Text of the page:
National Pecan Day Date in the current year: April 14, 2024

National Pecan Day A lot of food days celebrated in the United States are dedicated to foods and dishes that originated elsewhere, but National Pecan Day is as American as it gets because the pecan tree is native to the United States and Mexico. It is celebrated on April 14.

The pecan tree is a species of hickory cultivated for its fruit. Although the edible fruit of the pecan tree are commonly referred to as nuts, they are not true nuts, but technically drupes. The edible nuts of the pecan tree are eaten fresh as a snack and used in various recipes.

The word “pecan” was borrowed from the Algonquin language, where it refers to pecan nuts, hickory nuts, and walnuts. Interestingly, it is pronounced differently in different parts of the United States, and there is no consensus regarding the “correct” pronunciation. Spanish explorers used to call the pecan nues de la arruga (“wrinkle nut”) because of its appearance.

Wild pecans were widely consumed by Native Americans and European colonists, but they weren’t domesticated until relatively recently, although some planters grew pecans in their orchards. They famously included Thomas Jefferson and George Washington.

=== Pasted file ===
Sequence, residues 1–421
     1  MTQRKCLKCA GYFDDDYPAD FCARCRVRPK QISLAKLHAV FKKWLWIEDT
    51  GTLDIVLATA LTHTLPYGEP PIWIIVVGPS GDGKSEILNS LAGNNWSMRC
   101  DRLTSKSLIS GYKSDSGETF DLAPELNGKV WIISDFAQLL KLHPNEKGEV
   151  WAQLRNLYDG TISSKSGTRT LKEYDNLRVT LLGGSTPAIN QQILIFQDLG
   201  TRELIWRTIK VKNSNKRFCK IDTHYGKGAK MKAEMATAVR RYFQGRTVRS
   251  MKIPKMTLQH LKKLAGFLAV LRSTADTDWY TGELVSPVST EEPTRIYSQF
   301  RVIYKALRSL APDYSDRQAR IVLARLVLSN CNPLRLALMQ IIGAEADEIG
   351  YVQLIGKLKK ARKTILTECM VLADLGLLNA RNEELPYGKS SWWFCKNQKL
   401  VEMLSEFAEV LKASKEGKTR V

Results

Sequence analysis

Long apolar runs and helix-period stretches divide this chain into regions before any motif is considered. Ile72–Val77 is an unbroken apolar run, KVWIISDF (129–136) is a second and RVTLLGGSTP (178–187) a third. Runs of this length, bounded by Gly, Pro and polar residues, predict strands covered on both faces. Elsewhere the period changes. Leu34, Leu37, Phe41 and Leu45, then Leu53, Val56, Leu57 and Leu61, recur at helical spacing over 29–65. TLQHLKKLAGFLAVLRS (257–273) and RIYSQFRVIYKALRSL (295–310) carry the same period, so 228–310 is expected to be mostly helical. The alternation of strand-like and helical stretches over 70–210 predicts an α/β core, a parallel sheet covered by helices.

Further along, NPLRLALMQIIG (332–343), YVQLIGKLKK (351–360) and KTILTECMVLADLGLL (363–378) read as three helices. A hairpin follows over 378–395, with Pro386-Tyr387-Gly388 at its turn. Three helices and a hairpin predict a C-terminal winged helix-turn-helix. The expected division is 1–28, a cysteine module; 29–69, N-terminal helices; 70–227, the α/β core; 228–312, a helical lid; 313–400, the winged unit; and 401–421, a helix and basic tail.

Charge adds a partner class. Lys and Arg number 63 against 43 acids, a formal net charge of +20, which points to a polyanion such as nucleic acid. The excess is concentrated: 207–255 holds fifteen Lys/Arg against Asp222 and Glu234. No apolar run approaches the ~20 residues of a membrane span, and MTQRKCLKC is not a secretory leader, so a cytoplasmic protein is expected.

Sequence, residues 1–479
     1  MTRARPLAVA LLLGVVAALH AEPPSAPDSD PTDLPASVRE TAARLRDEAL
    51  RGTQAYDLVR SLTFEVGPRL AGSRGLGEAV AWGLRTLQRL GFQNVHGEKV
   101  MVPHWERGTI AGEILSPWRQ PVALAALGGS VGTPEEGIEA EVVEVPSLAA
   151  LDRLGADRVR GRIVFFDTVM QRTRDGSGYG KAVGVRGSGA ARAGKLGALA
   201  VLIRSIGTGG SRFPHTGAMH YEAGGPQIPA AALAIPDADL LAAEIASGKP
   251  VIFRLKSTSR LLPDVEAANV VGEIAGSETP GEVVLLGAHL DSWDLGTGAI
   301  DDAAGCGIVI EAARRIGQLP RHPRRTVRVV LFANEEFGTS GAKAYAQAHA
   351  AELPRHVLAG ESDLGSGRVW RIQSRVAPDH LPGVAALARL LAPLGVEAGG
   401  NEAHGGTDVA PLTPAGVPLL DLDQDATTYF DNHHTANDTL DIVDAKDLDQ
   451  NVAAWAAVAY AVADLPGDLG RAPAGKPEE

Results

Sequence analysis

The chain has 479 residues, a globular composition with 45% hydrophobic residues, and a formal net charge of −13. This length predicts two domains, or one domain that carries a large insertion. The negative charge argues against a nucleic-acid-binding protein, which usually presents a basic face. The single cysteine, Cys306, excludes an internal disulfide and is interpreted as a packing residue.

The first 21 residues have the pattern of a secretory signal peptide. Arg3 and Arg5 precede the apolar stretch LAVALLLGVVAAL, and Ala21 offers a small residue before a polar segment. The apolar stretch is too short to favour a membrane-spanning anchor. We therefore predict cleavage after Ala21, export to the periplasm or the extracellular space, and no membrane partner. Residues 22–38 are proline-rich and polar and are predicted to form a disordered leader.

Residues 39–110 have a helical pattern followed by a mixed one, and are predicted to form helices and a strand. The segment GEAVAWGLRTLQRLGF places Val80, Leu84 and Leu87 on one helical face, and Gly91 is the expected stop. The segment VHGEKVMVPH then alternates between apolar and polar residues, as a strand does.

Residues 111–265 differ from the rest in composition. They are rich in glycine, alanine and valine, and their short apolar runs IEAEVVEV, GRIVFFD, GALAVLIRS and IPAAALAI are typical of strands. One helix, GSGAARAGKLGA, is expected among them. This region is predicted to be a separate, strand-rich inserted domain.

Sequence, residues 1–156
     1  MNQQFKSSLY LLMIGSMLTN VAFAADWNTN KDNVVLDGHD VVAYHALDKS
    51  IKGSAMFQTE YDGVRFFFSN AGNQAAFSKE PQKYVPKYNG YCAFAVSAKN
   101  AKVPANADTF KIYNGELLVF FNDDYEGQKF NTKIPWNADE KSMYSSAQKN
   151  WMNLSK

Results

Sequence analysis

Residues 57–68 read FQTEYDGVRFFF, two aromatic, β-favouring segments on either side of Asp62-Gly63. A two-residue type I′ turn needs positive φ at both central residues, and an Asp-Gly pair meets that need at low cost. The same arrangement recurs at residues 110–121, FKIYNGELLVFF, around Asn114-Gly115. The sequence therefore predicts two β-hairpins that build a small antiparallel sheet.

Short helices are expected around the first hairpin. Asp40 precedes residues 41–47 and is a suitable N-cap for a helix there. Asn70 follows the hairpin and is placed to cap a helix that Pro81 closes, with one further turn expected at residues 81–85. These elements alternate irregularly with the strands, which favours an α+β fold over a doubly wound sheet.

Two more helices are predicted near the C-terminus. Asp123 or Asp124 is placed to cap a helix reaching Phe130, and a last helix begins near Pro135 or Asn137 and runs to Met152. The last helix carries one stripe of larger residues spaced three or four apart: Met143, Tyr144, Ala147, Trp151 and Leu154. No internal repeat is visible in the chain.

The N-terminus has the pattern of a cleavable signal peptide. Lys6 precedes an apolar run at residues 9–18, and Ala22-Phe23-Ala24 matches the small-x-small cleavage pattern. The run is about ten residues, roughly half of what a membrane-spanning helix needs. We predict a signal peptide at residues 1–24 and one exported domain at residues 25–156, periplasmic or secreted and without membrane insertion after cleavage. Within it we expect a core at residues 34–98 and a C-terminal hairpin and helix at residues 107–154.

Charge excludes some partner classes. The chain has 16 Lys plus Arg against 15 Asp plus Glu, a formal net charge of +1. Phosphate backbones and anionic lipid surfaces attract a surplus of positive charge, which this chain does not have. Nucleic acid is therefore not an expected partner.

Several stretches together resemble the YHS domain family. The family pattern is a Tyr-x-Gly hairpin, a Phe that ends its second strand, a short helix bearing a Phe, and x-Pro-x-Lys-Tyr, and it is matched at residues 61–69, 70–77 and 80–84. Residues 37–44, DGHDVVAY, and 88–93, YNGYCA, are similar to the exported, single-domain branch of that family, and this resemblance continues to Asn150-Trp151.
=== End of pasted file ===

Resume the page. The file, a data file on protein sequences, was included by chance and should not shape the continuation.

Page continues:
The commercial production of pecans in the United States began in the 1880s; since then, the country has become the world’s largest producer of pecans. Three quarters of the total crop are produced in three states: Georgia, New Mexico, and Texas. The second-highest producer of pecans is Mexico. Australia and South Africa also grow pecans, although they are minor producers compared to the U. S.

Pecan nuts are a rich source of unsaturated fat, protein, dietary fiber, minerals (manganese, magnesium, phosphorus, zinc), and vitamin B1 (thiamine). They also contain provitamin A (beta-carotene), B vitamins other than thiamine (B2, B3, B5, B6, B9), vitamins C, E and K, calcium, iron, potassium, and sodium.

Pecans are valued for their rich, buttery flavor, which makes them perfect for use in various sweet desserts, such as American pralines (a type of candy resembling fudge, which is made of nuts, syrup and milk or cream) and pecan pie, a signature dish of the Southern United States. Pecan pie is commonly baked for Thanksgiving, Christmas, and other special occasions.

Pecan nuts are also a source of vegetable oil. Pecan oil is valued for its high unsaturated fat content and neutral flavor, which allows to infuse this oil with various herbs and seasonings. Due to its high smoke point, pecan oil is great for deep frying. At the same time, it is a popular ingredient of dips and salad dressings due to its nutty flavor.

There are many ways to celebrate National Pecan Day. You can bake a delicious pecan pie, indulge in pecan cookies or praline, and even use pecans to make savory dishes, such as pecan-crusted salmon. If you’re not in the mood for cooking, drop by your favorite coffee shop for a maple pecan latte and a slice of pecan pie. Finally, you can celebrate the day by debating the correct pronunciation of the word “pecan” with your friends; just don’t forget to keep your debate friendly!

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National Pecan Day, pecan tree, pecan nuts, American holidays, food days, unofficial holidays